DEAR READER: A Q&A with Rosalie Knecht


It’s been a busy month/year/life for Rosalie Knecht, whose much-anticipated novel Who Is Vera Kelly? (Tin House 2018) hit shelves this week. Already, the New York Times Book Review is calling it “gripping, subtle, magnificently written.” (“Knecht is the real deal,” the review goes on to note.) A social worker by day, Knecht is also Literary Hub‘s Book Therapist, author of Relief Map (Tin House 2016), and translator of César Airas’ The Seamstress and the Wind (New Directions 2011).

This month, Knecht took 24 hours to catch her breath at Ace Hotel New York. As the latest author to participate in the Dear Reader series, she spent a night at Ace and penned a letter to an imagined audience. What she wrote has been a mystery until today, when it’s being placed bedside in each room. We caught up with Rosalie to talk letters, the perfect reader, and resisting the urge to map.

TIN HOUSE: If you could correspond with any fictional character or literary figure via letters, who would it be? And why?

ROSALIE KNECHT: I would have loved to get Raymond Chandler’s letters. He was hilarious, and much easier to take through the mail than in person.

Do you map out your writing, or do you discover your path as you go? How often does your work go in directions you never expected?

A few times I’ve gotten all excited and mapped out a book all the way through, or half of the way through, and it feels amazing and productive and is much easier than just spending that time on writing scenes, but in the end, I’ve never written a project the way it was outlined. If an outline is too detailed, or it extends too far ahead of where I am in the writing, it completely deadens the work. I just lose interest in writing it. So I’ve learned that I can only sketch out the general shape of things, or it will take all of the fun out of it.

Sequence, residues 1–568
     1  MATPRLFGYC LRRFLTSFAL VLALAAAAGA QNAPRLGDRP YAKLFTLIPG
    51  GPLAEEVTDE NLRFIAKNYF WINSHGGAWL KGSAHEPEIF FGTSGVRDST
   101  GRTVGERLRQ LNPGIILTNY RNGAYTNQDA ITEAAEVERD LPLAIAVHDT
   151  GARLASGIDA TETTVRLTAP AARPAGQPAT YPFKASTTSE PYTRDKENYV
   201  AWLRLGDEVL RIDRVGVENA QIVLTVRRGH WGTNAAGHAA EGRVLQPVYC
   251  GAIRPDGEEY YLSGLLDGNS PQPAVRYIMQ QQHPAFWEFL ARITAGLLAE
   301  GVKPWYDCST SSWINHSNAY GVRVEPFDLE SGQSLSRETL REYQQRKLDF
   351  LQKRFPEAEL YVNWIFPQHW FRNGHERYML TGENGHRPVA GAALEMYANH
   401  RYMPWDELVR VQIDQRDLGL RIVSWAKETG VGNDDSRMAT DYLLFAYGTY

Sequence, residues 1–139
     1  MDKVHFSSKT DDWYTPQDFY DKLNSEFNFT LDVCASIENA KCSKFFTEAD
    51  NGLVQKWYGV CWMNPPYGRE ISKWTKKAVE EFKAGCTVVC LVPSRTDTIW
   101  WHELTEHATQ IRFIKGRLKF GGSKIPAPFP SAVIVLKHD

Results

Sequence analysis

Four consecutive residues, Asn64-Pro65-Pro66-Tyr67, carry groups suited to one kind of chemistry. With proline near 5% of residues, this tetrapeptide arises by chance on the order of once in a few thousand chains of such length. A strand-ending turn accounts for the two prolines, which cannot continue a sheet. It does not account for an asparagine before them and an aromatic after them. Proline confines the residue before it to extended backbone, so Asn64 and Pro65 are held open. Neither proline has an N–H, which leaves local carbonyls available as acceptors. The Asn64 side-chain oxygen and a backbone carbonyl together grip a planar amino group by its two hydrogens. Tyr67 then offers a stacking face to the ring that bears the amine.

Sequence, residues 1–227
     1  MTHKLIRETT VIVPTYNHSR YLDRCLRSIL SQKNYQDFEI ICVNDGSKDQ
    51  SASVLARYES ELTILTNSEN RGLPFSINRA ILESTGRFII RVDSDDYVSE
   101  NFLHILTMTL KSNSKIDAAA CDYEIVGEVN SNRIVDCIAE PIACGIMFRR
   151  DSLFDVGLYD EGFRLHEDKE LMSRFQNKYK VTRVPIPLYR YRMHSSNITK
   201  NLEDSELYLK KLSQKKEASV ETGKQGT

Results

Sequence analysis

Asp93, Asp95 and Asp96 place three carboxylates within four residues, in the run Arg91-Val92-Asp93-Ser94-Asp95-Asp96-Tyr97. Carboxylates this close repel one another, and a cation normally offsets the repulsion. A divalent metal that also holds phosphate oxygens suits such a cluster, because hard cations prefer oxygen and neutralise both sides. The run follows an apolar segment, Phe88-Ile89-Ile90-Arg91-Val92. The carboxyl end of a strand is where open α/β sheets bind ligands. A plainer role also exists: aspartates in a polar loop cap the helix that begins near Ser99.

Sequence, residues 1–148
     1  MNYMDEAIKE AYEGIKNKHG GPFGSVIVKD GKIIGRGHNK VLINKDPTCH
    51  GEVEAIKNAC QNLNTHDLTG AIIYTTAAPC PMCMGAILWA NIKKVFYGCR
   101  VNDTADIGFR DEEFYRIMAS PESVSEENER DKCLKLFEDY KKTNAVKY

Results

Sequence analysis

Dear Reader tasks you with writing for an imagined audience of strangers. How much do you think about your audience when you write? Have you ever been surprised by who is drawn to your work?

I don’t really think about audience. I think about an abstract, single reader, who enjoys exactly the things I enjoy and hates exactly the things I hate. I look forward to being surprised by people being drawn to my work in the future.

What’s a book that you wish more people knew about?

I Served the King of England, by Bohumil Hrabal. A picaresque about a boy working in hotels, while the twentieth century happens around him. It’s just really beautiful and funny, and brutal at the end.

Do you have any rituals, ceremonies or requirements that accompany your writing process? 

Just that it has to be the first thing I do that day. All right, that’s a lie. I can maybe wash a few dishes, straighten the kitchen, look at Twitter for fifteen minutes, but if I get really absorbed in anything else before writing, it’s a thousand times harder to get started. Ideally I get up, the kitchen is clean, the cats have already been fed, and all I have to do is make coffee and sit down at my desk.

Dear Reader is a collaboration of Tin House and Ace Hotel New York. You can find this interview and other delights on the Ace Hotel blog.

Photography by Seze Devres for Ace Hotel New York.